Records from Visiontac or Columbus

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Gilbert 21 - creating records from Visiontac or Columbus files

The Visiontac VGPS-900 data logger (also marketed as the Columbus V-900) was the first GPS data logger with the ability to record voice. The Gilbert 21 software was originally designed specifically to process the files produced by the this data logger. For information about using these devices in the field, see here. Gilbert 21 has also been successfully tested with the new model V-990 Columbus data logger.

The device produces two types of files - Comma Separated Values (CSV) files containing the 'tracks' - i.e. GPS latitudes and longitudes of where you've been - and WAV files containing the voice recordings. Each time you create a new track with data logger, it will produce one of these CSV files and a number WAV files corresponding to the number of 'voice tags' (i.e. records) you made.

To create records in Gilbert from your Visiontac / Columbus files, it is best to  copy the files created by your data logger onto your computer. There's no set way to organise these files. The only hard and fast rule is that CSV files and WAV files that belong together must be kept in the same folder - otherwise Gilbert 21 won't be able to associate them. As long as you obey that simple rule, you can organise the files from your data logger in any way you wish. But because, over time, you will generate so many, it pays to have some sort of system to do this.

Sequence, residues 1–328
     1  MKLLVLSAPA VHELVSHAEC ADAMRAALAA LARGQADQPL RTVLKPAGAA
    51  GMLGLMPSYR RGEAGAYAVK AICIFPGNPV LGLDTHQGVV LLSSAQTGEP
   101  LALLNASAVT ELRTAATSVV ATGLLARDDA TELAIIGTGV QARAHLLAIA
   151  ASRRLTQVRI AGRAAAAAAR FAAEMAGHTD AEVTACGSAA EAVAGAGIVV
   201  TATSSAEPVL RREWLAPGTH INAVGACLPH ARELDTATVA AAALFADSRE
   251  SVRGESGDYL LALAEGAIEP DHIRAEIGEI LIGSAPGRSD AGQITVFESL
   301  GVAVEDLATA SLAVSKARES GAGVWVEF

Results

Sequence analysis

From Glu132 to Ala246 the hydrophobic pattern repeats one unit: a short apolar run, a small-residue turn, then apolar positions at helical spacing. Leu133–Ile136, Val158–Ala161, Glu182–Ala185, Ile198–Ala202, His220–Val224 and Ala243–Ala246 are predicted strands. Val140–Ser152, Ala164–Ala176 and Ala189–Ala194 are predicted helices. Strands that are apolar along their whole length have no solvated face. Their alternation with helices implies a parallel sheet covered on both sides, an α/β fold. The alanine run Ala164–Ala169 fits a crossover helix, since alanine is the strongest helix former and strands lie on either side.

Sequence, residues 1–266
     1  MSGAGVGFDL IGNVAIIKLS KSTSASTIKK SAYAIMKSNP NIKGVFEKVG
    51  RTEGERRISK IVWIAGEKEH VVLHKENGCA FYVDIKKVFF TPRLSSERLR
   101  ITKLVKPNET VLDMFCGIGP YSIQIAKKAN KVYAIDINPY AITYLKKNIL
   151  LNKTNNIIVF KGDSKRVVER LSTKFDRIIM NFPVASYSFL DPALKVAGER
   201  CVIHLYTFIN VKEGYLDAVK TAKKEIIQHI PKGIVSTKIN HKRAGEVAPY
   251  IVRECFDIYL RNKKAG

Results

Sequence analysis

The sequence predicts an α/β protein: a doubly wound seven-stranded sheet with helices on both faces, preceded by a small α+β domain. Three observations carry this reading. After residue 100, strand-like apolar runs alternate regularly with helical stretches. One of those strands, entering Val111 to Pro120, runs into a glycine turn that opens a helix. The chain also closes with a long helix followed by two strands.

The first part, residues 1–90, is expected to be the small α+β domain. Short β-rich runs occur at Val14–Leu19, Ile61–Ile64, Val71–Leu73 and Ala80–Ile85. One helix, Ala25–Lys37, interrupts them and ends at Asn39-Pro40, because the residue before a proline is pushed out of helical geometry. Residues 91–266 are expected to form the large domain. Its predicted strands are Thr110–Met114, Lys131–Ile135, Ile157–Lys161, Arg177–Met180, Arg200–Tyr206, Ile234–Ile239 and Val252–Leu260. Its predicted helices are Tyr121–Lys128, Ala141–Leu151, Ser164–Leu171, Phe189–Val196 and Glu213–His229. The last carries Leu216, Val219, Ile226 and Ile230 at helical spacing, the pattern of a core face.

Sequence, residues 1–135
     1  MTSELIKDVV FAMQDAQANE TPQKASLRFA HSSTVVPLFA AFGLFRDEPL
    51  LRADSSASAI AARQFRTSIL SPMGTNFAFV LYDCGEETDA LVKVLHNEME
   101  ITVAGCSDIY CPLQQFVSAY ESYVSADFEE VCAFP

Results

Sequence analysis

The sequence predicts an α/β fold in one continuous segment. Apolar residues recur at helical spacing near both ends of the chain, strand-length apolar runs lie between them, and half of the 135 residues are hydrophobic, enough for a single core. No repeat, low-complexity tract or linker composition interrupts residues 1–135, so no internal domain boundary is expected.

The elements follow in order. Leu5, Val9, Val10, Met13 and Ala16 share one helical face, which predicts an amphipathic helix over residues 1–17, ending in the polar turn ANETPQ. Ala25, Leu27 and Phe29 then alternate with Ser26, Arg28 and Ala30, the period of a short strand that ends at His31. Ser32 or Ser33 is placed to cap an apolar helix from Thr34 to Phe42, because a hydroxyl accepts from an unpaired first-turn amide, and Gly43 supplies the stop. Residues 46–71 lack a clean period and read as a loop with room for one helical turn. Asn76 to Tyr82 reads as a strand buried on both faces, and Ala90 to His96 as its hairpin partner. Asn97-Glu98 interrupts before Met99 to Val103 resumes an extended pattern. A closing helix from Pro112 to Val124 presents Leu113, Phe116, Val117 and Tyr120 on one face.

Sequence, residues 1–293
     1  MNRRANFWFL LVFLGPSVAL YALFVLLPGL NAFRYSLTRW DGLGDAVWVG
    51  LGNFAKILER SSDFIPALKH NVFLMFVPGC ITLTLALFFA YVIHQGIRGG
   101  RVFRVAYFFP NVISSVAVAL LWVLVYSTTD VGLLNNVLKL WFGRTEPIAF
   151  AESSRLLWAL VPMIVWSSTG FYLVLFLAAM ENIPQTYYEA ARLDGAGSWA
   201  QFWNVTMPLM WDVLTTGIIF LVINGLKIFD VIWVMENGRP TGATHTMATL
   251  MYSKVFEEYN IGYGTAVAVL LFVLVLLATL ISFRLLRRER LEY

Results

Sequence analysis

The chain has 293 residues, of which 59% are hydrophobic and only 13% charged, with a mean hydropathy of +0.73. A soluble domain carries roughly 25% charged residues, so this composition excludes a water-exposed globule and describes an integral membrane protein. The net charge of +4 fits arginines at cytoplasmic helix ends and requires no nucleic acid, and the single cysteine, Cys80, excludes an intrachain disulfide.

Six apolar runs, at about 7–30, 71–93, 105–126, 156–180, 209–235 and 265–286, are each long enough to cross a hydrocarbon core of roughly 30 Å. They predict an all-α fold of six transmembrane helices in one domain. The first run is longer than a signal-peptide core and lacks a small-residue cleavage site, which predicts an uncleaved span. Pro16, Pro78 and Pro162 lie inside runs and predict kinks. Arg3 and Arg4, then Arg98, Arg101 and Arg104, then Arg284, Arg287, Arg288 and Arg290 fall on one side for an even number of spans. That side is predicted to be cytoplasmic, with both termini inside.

Experience has shown the following system to work well:

From the Gilbert 21 File menu, select the Open files item. This should open the folder you previously set as the Default import folder. You should see the sub-folder you just created. Use the standard file open this folder and then select the CSV files you want to use to create records from. (Depending on how many CSV files you have in the folder, you can either select all of the CSV files or just some of them.)

Opening the a CSV file automatically produces a number of 'candidate records' corresponding to the number of tags you created on that track. All the location and date information is filled in automatically. This is because the GPS data logger file stores, for each tag, the location and time at which the tag was made. Of course this location information is just Gilbert 21's suggested locations based on the GPS location at which the tag was recorded and the data in its place name gazetteer. You don't have to accept any of these suggestions and you are free to edit any of the information.

The Columbus / Visiontac can create two types of tags: voice tags and simple geotags (without a voice recording). By default, candidate records are only generated from voice tags, but you can change this behaviour - so that candidate records are made from geotags too - by setting the appropriate option on the Input file options tab of Gilbert 21's options form.

Voice buttonTo complete the records, you need to indicate, for each one, what was seen. When you invoke What tab of the record details form for one of these records, it will automatically play the sound file (WAV file) associated with it. You can replay the sound from any tab of the record details form by clicking the Voice button. So you just listen to your own voice speaking what was seen and complete the form accordingly.

Note that voice tags may record much more than what was seen. For example it could include extra information about the location if the animal or plant was not seen exactly where the tag was made, or it may record information that can be recorded as a personal note rather that a biological record per se.

When you have finished creating records, save the new records (e.g. by selecting the appropriate item from the File menu). Note that you don't have to process all of the records at once. If you only do some of them, the next time you open the same data logger files again, any corresponding records that you have already saved to the database will be shown in full - so you can just pick up where you left off and start on the next unprocessed candidate record.

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